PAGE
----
was a 3 week long event held at the legendary Priory Social Club when it was”over the
border”in Middlesbrough. In 1971 Ralph organised the 6 day long World Professional
Billiards Championship at Middlesbrough Town Hall. In both cases this involved the
mechanics of the event. Not only organising the players but tables, tiered seating, referees
and scorers, publicity, spectators etc.

Needless to say they were organised exceptionally well!.

If it had to do with Snooker and Billiards in the North East then Ralph was involved in it,
so when regional Tyne Tees Television showed an interest in the formative years George
Taylor recruited Ralph and a 2 1/2 hour programme resulted. Another string was added
to Ralph’s bow when in 1971 he became a national Coach for Snooker and Billiards, so
tuition was provided to established players and novices alike.

By now 20 years of organisation and administration had elapsed but reservations were
creeping into his mind about the future of billiards. The game was going into demise with
billiard playing numbers diminishing and whilst snooker players unable to command a
game in the team would fill in, it was not the answer to a growing problem. Where would
future billiard players come from?.

Ralph’s answer was simple – let’s create them but in those unenlightened times with North
East traditions still rigid the thoughts of having boys into clubs was frowned upon. “They’ll
rip our cloths”, “You’re leading them to the evils of drink” were common responses.

Tuition and supervision along with out of licencing hours activity was the reply. An initial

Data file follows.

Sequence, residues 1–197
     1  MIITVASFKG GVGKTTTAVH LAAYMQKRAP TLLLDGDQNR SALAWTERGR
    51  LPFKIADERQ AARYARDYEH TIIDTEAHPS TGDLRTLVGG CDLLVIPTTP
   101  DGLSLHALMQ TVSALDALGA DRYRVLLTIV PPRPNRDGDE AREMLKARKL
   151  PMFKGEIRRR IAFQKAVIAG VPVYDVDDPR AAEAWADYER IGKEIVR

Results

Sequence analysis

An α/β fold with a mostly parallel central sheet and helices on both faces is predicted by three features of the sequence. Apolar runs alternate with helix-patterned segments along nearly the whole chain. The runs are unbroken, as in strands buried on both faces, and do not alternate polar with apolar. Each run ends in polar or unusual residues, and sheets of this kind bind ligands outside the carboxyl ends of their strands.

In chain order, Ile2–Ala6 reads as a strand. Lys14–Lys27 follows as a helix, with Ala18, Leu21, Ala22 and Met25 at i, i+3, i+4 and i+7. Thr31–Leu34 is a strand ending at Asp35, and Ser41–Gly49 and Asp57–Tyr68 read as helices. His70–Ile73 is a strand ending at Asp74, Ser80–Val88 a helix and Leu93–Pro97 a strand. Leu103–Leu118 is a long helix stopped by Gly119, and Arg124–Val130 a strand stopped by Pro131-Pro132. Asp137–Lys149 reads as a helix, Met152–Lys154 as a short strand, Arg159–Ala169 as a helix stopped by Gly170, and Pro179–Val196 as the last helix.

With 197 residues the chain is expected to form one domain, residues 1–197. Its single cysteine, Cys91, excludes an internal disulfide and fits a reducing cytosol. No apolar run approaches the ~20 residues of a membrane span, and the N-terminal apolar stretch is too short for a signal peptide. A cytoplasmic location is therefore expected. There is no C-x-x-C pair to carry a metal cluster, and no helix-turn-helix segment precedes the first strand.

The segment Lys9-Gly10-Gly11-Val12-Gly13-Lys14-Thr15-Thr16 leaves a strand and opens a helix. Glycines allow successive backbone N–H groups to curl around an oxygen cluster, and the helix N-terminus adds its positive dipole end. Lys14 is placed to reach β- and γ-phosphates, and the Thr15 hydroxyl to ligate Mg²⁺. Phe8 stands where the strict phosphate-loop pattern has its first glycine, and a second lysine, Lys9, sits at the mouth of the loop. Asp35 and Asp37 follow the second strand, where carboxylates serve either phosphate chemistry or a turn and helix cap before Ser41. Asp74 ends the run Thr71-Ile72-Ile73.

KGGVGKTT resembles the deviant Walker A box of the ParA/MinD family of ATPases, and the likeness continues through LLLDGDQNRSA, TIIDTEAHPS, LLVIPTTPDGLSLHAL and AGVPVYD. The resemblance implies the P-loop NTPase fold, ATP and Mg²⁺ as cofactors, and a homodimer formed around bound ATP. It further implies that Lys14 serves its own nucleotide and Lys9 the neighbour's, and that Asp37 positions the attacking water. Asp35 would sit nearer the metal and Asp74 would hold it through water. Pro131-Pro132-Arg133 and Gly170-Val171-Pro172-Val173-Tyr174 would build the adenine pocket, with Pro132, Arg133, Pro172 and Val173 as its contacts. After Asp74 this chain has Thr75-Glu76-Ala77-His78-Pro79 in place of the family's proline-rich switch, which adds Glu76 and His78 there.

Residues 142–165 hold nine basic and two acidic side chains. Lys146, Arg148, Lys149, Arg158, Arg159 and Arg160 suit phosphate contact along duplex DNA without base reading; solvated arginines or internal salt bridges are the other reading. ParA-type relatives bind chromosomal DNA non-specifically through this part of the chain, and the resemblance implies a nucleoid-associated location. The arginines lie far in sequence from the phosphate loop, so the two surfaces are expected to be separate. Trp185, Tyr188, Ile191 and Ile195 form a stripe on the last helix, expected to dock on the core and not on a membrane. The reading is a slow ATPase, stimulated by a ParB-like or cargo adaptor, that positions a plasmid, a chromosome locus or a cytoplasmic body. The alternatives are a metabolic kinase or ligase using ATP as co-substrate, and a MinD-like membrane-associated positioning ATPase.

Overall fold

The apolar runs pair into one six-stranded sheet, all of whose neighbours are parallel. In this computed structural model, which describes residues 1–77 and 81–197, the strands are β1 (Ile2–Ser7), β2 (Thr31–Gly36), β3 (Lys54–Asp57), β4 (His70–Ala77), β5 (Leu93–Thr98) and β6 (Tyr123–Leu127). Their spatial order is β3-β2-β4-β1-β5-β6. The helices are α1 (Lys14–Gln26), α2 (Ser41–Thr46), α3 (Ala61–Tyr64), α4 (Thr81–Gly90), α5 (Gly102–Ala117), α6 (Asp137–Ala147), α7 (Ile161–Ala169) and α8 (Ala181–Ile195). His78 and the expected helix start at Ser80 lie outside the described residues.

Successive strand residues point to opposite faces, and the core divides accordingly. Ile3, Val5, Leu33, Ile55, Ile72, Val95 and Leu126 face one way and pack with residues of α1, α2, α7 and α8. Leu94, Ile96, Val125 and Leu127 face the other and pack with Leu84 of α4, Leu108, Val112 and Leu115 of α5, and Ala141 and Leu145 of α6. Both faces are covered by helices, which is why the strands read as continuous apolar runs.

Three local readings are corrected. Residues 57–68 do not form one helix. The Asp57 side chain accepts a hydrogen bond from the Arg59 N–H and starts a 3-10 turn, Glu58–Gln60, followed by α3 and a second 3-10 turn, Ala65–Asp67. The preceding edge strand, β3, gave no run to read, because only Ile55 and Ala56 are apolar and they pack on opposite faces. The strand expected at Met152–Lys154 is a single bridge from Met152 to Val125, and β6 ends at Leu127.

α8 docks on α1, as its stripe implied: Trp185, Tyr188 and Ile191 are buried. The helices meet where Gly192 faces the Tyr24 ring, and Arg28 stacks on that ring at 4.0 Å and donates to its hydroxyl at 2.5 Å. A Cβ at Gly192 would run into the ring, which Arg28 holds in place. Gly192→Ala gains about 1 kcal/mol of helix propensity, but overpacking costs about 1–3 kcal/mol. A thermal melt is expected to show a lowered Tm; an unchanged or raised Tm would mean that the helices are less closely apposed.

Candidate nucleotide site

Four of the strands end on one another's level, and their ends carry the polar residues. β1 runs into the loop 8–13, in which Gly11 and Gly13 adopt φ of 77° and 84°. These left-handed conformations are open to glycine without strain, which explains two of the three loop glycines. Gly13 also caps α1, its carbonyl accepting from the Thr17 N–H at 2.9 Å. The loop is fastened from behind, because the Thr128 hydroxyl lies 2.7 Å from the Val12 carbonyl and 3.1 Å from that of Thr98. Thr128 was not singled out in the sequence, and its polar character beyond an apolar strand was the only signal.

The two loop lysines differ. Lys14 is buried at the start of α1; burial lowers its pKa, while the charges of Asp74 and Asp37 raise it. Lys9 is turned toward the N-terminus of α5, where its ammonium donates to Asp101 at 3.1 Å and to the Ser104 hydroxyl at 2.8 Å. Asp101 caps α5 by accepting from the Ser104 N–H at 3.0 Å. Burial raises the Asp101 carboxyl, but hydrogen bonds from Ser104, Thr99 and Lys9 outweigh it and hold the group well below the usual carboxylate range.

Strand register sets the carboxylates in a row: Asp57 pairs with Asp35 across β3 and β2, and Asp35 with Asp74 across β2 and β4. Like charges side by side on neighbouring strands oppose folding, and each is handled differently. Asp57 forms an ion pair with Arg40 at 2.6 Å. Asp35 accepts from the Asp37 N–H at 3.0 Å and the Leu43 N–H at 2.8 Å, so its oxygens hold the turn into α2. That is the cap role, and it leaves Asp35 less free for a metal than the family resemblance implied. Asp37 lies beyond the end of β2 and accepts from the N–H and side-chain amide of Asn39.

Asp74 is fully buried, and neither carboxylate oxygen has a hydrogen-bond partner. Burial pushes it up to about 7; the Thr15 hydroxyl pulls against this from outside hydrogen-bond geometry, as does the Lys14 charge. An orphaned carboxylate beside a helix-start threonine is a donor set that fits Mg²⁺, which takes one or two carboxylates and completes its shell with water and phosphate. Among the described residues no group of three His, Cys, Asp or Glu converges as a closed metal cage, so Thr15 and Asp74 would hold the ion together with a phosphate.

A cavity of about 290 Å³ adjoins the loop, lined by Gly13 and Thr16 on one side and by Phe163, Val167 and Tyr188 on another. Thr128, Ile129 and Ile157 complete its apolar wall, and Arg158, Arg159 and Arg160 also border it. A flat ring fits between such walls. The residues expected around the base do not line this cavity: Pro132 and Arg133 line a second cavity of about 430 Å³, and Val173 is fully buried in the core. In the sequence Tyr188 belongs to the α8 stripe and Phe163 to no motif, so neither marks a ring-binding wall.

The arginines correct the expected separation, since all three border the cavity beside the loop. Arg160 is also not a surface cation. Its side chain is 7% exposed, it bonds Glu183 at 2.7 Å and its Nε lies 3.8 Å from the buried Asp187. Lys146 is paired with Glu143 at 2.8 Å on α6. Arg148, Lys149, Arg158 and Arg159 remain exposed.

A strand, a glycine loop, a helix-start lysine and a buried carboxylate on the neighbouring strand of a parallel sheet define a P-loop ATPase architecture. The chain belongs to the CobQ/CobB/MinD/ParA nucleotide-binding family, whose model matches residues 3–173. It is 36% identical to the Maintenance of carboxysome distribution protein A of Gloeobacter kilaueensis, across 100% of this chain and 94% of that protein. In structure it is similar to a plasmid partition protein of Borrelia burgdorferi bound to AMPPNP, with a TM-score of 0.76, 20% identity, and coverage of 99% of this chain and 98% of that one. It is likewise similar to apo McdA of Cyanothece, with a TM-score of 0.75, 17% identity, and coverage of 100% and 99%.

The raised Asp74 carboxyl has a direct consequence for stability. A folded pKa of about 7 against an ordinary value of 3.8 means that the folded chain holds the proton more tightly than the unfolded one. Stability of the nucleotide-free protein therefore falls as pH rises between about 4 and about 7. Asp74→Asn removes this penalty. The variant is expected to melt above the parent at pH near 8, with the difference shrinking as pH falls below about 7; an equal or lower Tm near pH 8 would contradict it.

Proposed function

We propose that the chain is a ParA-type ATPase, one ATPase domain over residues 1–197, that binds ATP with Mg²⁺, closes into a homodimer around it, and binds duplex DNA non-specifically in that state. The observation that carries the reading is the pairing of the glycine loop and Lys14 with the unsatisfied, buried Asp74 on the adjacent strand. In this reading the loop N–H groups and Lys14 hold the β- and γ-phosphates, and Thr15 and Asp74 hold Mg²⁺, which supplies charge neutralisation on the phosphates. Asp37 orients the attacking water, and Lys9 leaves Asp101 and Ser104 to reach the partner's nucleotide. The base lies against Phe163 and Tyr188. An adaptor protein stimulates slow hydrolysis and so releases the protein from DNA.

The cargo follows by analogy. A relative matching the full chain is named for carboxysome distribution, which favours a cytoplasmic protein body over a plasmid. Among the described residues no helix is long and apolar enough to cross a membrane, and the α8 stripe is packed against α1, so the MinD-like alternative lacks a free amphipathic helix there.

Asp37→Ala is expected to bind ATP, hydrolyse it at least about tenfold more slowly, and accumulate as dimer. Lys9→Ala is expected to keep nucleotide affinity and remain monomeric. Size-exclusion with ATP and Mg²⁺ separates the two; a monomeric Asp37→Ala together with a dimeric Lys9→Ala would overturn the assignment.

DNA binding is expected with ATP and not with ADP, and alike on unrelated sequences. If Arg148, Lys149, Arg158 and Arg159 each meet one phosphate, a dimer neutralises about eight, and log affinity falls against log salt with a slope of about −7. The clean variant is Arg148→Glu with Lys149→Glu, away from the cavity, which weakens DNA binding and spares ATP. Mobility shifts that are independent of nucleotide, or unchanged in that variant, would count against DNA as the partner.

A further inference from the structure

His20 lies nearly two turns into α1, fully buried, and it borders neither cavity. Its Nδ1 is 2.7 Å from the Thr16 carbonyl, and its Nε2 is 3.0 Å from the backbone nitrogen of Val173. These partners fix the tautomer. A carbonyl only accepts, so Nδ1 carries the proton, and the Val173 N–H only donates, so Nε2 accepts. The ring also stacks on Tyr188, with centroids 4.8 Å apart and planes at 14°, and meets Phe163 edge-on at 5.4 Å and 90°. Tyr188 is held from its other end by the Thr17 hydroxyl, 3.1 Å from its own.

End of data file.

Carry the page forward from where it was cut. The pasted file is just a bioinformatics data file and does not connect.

meeting to organise a boys or youth league flopped miserably but undaunted Ralph
pursued his quest and the rest as they say is history.

The Teesside Boys Billiards League was formed in 1973. From an expectancy of 75 point
scores in 30 minutes play the record score now stands at 506. A 307 break has been
made, a couple of dual century breaks and the last count 78 centuries. Players like Mike
Russell, Peter Gilchrist, John Murphy, Steve Naisby, Mike Dunn, Jon Birch, Martin Goodwill,
David Causier and Chris Shutt have been produced, and the production line still rolls on.

Ralph says”One of the greatest moments in my life came in 1989 when 2 of our former
boys, Russell and Gilchrist, competed in the World Professional Billiards Championship in
Western Australia, who would have dreamed it?. He goes on “I might have two, three or
six years of activity left in me, but I’ve had my share of delight and I want someone else to
enjoy the experience I’ve had”.

Ralph steps down as Chairman of the Boys League but was immediately installed as
President in order to keep an ongoing role. The legacy that he controls will be a fitting
memorial to all of his endeavours over the years. The practitioners and supports of cue
sports in the Teesside region owe him a great debt of gratitude.

Enjoy your retirement, you’ve earned it.